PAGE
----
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brick

[brik]
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noun
  1. a block of clay hardened by drying in the sun or burning in a kiln, and used for building, paving, etc.: traditionally, in the U.S., a rectangle 2.25 × 3.75 × 8 inches (5.7 × 9.5 × 20.3 cm), red, brown, or yellow in color.
  2. such blocks collectively.
  3. the material of which such blocks are made.
  4. any block or bar having a similar size and shape: a gold brick; an ice-cream brick.
  5. the length of a brick as a measure of thickness, as of a wall: one and a half bricks thick.
  6. Informal. an admirably good or generous person.
  7. Informal. an electronic device that has become completely nonfunctional.
verb (used with object)
  1. to pave, line, wall, fill, or build with brick.
  2. Informal. to cause (an electronic device) to become completely nonfunctional: I bricked my phone while doing the upgrade.
adjective
  1. made of, constructed with, or resembling bricks.
Idioms
  1. drop a brick, to make a social gaffe or blunder, especially an indiscreet remark.
  2. hit the bricks,
    1. to walk the streets, especially as an unemployed or homeless person.
    2. to go on strike: With contract talks stalled, workers are threatening to hit the bricks.
    Also take to the bricks.
  3. make bricks without straw,
    1. to plan or act on a false premise or unrealistic basis.
    2. to create something that will not last: To form governments without the consent of the people is to make bricks without straw.
    3. to perform a task despite the lack of necessary materials.

Origin of brick

1400–50; late Middle English brike < Middle Dutch bricke; akin to break
Related formsbrick·like, brick·ish, adjectiveun·bricked, adjective
Dictionary.com Unabridged Based on the Random House Unabridged Dictionary, © Random House, Inc. 2018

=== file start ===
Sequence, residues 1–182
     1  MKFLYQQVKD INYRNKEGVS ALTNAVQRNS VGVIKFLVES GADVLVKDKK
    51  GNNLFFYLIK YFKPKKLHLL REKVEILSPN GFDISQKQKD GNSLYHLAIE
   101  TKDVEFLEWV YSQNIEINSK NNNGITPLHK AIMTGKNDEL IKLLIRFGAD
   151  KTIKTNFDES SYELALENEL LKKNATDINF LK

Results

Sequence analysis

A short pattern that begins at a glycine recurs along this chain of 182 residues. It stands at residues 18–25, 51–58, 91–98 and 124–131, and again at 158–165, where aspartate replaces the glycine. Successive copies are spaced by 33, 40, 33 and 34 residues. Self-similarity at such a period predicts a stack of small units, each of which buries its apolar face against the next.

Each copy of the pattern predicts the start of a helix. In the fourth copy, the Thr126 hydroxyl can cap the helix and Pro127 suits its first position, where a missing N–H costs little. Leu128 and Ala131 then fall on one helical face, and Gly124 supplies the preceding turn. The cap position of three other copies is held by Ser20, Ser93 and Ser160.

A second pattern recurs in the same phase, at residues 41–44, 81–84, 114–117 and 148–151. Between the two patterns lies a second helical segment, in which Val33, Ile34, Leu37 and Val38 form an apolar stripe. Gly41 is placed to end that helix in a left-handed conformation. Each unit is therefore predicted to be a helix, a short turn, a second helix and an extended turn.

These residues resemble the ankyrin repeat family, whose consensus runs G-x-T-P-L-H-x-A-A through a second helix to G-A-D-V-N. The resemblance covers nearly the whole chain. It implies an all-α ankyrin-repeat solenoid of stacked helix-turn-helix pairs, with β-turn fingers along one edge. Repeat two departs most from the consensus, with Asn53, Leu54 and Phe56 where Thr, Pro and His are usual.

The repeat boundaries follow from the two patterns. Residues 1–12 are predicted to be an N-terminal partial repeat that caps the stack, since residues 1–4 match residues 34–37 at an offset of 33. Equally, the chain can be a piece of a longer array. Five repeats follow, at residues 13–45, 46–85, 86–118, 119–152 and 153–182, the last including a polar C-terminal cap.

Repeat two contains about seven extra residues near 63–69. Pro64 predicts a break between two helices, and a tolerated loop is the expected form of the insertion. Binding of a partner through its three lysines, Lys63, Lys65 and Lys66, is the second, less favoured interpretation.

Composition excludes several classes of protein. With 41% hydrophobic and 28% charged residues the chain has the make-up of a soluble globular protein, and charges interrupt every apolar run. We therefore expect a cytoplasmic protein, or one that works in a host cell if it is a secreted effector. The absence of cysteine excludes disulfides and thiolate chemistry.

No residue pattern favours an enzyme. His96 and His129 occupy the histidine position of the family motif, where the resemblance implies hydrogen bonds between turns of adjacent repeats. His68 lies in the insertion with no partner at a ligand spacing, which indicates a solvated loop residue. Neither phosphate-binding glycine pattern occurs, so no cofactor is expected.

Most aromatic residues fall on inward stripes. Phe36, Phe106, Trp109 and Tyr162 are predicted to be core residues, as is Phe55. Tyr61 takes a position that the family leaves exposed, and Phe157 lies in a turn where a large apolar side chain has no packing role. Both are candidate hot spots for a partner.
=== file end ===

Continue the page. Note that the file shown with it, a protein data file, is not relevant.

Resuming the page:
British Dictionary definitions for make bricks without straw

brick

noun
    1. a rectangular block of clay mixed with sand and fired in a kiln or baked by the sun, used in building construction
    2. (as modifier)a brick house
  1. the material used to make such blocks
  2. any rectangular blocka brick of ice
  3. bricks collectively
  4. informal a reliable, trustworthy, or helpful person
  5. British a child's building block
  6. short for brick red
  7. drop a brick British informal to make a tactless or indiscreet remark
  8. like a ton of bricks informal (used esp of the manner of punishing or reprimanding someone) with great force; severelywhen he spotted my mistake he came down on me like a ton of bricks
verb (tr)
  1. (usually foll by in, up or over) to construct, line, pave, fill, or wall up with bricksto brick up a window; brick over a patio
  2. slang to attack (a person) with a brick or bricks

Word Origin

C15: from Old French brique, from Middle Dutch bricke; related to Middle Low German brike, Old English brecan to break
Collins English Dictionary - Complete & Unabridged 2012 Digital Edition © William Collins Sons & Co. Ltd. 1979, 1986 © HarperCollins Publishers 1998, 2000, 2003, 2005, 2006, 2007, 2009, 2012

Word Origin and History for make bricks without straw

brick

n.

early 15c., from Old French briche "brick," probably from a Germanic source akin to Middle Dutch bricke "a tile," literally "a broken piece," from the verbal root of break (v.). Meaning "a good, honest fellow" is from 1840, probably on notion of squareness (e.g. fair and square) though most extended senses of brick (and square) applied to persons in English are not meant to be complimentary. Brick wall in the figurative sense of "impenetrable barrier" is from 1886.

brick

v.

"to wall up with bricks," 1640s, from brick (n.). Related: Bricked; bricking.

Online Etymology Dictionary, © 2010 Douglas Harper

Idioms and Phrases with make bricks without straw

make bricks without straw

Perform a task without essential materials or means, as in Writing a report without the current data is making bricks without straw. This expression alludes to straw as a material necessary in early brick manufacturing. [Early 1600s]

brick

In addition to the idioms beginning with brick

also see:

The American Heritage® Idioms Dictionary Copyright © 2002, 2001, 1995 by Houghton Mifflin Harcourt Publishing Company. Published by Houghton Mifflin Harcourt Publishing Company.